70. 70. Creative Commons In music mainly Creative Commons Lisences are used to share and remix music. The Free Software Foundation has only approved two of the 6 available CC Licenses as being free: CC-BY v2.0 CC-BY-SA v2.0
  71. 71. Sound/Music vs. Video/Image <ul><li>Due to amazing pressure by Record Industry (through RIAA, SGAE...) implementing a website such as Flicker or YouTube in the sound/music world is extremely difficult Artists are sometimes not even allowed to post their own content in their websites
  72. 72. See http://freesound.iua.upf.edu or http://www.ccmixter.org/ </li></ul>
  73. 73. <ul>Linux and Audio </ul><ul>There are plenty of applications, even distributions for Linux audio (visit linux­sound.org) <li>Kguitar
  74. 74. Amarok
  75. 75. Ardour
  76. 76. Rosegarden
  77. 77. Muse
  78. 78. Rosegarden
  79. 79. Planet CCRMA
  80. 80. Agnula
  81. 81. etc. </li></ul>
  82. 82. <ul>Linux and Audio </ul><ul>Gnu/Linux has unique and outstanding features for <li>professional audio and music:
  83. 83. Low latency
  84. 84. Stability
  85. 85. Standard protocols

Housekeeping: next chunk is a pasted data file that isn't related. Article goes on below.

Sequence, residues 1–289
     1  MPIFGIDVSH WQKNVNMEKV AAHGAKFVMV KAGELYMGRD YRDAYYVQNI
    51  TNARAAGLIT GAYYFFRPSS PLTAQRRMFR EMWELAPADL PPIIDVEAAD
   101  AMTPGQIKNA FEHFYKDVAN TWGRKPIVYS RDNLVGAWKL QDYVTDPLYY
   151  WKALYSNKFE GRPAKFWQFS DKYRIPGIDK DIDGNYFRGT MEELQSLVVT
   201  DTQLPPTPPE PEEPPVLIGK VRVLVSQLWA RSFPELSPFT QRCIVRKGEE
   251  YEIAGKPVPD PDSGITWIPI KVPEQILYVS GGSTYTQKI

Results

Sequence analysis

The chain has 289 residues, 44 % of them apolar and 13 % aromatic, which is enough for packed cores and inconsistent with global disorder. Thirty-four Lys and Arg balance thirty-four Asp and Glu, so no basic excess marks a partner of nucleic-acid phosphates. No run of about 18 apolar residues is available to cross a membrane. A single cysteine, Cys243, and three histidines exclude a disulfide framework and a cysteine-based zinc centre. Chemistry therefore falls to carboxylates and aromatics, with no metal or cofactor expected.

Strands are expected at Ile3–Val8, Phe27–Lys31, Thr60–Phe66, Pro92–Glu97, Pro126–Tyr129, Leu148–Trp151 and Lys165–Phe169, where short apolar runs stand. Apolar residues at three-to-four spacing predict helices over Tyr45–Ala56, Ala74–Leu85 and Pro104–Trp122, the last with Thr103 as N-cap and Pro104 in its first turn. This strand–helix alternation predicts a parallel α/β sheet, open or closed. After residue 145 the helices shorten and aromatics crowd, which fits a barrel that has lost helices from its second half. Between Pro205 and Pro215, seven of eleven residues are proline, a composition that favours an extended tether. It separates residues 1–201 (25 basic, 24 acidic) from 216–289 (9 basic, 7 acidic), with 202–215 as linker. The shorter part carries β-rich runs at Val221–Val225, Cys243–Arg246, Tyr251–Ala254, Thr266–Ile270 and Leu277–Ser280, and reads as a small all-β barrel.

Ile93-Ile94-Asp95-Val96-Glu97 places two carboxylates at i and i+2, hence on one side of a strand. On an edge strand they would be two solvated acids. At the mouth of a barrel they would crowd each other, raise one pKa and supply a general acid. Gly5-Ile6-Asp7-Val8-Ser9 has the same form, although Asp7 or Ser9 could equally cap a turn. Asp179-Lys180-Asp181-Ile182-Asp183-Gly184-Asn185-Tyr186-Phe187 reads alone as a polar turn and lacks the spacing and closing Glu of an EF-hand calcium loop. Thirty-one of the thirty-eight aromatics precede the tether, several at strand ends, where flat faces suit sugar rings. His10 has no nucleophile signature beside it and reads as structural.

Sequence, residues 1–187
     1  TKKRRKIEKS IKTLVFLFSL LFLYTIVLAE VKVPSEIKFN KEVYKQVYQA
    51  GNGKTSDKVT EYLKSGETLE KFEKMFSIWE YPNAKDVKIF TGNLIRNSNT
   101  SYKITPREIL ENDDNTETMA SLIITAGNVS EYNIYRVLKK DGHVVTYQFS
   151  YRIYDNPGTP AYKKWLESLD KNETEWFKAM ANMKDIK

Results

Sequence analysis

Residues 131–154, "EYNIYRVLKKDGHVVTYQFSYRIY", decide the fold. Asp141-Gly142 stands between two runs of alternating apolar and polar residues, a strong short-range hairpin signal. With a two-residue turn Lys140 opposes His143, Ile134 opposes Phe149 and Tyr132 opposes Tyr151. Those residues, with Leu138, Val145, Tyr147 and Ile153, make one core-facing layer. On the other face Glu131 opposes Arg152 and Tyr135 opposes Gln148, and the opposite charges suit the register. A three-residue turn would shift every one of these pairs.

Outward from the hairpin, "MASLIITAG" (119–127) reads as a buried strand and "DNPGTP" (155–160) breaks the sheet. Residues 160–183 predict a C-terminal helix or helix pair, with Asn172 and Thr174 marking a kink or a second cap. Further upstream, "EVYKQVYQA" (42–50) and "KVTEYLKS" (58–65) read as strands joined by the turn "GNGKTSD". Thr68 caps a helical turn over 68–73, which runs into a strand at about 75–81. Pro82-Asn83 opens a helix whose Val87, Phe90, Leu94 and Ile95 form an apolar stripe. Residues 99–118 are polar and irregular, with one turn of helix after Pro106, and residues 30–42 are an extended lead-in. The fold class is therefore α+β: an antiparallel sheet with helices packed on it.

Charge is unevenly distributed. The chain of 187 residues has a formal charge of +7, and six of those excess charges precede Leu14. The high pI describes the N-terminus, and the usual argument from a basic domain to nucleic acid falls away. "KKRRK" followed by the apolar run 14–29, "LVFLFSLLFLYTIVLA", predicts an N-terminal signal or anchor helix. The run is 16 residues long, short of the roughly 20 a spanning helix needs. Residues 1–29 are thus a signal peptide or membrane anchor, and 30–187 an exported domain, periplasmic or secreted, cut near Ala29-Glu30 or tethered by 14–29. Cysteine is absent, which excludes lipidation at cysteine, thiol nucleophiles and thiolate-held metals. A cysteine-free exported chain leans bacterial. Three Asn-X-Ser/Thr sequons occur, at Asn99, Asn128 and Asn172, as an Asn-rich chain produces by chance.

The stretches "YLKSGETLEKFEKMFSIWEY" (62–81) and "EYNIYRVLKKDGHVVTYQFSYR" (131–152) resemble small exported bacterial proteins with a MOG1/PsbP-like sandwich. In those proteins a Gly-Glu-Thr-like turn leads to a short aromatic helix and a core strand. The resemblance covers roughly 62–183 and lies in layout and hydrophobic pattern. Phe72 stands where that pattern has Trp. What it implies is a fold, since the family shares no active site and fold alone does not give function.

86. 86. Very active community
  87. 87. ... </li></ul>
  88. 88. <ul>Free Software and Audio </ul><ul><li>So what about other platforms?
  89. 89. Most of the previous apps are compatible with Windows/OSX
  90. 90. But if you are not going to use proprietary software...
  91. 91. what is the point of not using Linux? </li></ul>
  92. 92. <ul>What Gnu/Linux? </ul><ul><li>Because the code of gnu/linux is available to everyone there are now many different Linux system available.
  93. 93. A few popular:
  94. 94. Ubuntu – a good distribution for beginners
  95. 95. Debian – where Ubuntu is based on
  96. 96. Fedora
  97. 97. Gentoo – for the more expierenced users
  98. 98. GnewSense – totally free Linux distro
  99. 99. Dynebolic (multi-media distro) Etc..
  100. 100. See: http://distrowatch.com/
  101. 101. (cd's can be ordered there at low costs, but you can also download all of these distro's from their original websites) </li></ul>
  102. 102. <ul>Links </ul><ul><li>http://www.linux-sound.org
  103. 103. http://www.opsound.org/
  104. 104. http://www.jamendo.com </li></ul>
  105. 105. <ul>Conclusions </ul><ul><li>Free Software = Open Source + Freedom
  106. 106. Freedom of Expression => Free Software
  107. 107. The future of digital arts is at stake
  108. 108. If you are convinced to use FLOSS there is no reason not to use Linux
  109. 109. If developing your own app. try to first see if you can build it out of an existing open framework. </li></ul>
  110. 110. License <ul><li>This presentation is a remix of a presentation by Xavier Amatriain /University of California
  111. 111. It is available under this license:
  112. 112. http://creativecommons.org/licenses/by-sa/2.5/
  113. 113. The originial can be found here:
  114. 114. http://www.slideshare.net/xamat/free-software-for-free-sound-1824828 </li></ul>